Opinion

March 20, 2014

Letter: Smoke and mirrors

Smoke and mirrors

The Capitol Update by state Reps. Tom Dickson and Bruce Broadrick on the editorial page in this paper on Saturday, March 8, puts on public display the smoke and mirrors technique that politicians use to mislead the public about the laws they pass.

Reps. Dickson and Broadrick voted for a bill (House Bill 459) which allows law enforcement to ticket (or arrest) you for driving the speed limit. This is shocking to us who make a good faith effort to obey the speed laws. However, Reps. Dickson and Broadrick have the audacity to expect a pat on the back for their effort to make us criminals if we drive the speed limit. This type of representation shows arrogance by our legislators which infuriates many of us.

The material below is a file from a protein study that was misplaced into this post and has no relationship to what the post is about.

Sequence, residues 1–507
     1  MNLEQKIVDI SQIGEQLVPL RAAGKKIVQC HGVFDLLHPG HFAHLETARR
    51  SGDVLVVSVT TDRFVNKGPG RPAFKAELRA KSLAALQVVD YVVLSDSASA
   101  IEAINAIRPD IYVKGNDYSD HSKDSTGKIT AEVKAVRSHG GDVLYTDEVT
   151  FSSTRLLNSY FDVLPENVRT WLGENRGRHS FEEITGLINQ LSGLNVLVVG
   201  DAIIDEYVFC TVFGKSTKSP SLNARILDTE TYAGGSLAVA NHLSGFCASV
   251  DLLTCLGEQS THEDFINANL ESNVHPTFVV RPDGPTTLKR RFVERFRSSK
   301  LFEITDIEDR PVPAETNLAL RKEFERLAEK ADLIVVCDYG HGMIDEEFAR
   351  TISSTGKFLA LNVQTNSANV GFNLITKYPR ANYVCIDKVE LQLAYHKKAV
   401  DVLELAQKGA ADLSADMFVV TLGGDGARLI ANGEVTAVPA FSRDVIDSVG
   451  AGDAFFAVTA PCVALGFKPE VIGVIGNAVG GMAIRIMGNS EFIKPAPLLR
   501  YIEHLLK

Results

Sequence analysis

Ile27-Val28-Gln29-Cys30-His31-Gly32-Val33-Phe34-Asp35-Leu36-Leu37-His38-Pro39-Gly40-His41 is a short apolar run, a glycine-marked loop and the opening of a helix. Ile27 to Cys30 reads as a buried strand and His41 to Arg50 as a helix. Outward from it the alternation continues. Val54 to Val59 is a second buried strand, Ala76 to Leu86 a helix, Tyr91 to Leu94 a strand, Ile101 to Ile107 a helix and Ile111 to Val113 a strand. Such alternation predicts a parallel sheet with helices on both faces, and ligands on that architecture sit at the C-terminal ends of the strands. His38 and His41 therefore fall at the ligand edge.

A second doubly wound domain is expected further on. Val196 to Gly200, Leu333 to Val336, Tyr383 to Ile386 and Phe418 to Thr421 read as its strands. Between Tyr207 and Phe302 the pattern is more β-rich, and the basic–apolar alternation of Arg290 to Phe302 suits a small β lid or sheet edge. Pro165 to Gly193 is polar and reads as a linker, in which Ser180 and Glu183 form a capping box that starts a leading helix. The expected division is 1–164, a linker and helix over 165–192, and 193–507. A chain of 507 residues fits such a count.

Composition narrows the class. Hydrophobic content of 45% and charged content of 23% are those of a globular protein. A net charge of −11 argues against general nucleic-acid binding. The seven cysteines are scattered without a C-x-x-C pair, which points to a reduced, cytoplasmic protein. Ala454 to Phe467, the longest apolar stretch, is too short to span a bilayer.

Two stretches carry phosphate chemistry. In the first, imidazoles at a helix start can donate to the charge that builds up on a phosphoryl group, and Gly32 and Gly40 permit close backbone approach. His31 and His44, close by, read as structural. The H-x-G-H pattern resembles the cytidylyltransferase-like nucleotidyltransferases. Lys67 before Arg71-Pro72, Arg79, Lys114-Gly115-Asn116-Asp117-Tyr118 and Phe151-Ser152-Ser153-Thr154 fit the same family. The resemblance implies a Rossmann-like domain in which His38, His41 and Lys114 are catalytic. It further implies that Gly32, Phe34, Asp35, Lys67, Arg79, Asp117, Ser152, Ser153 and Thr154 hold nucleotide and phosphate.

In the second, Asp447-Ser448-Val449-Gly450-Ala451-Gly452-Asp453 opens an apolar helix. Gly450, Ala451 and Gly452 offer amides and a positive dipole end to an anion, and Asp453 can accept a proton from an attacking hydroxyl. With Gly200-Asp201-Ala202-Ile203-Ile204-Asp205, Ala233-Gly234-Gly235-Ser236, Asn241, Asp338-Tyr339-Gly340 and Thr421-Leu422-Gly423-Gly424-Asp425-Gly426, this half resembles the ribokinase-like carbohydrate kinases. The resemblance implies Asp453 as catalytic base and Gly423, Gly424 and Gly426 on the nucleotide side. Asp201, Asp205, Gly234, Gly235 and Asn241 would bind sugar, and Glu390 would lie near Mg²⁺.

Reps. Dickson and Broadrick are not revealing what the bill actually does. In addition to you being stopped for driving too slow and driving too fast, if HB 459 becomes law you can also be guilty of a crime for driving the speed limit. Rather than claiming the bill will decrease motorists’ stress, maybe they should be concerned about the voters’ rage if the bill passes. Anger management classes, anyone?

Ed Painter

Dalton

Rep. Bruce Broadrick responds:

The bill was authored by the former head of the Georgia State Patrol. His intent is to prevent a driver in the left lane from impeding the flow of traffic by blocking the lane at a speed below the normal flow. An additional intent is to prevent possible road rage issues that have resulted in accidents in the past. No fine for traveling the speed limit. The offense is for impeding traffic flow. HB 459 passed the House of Representatives 162 to 5 and the Senate 42 to 5.

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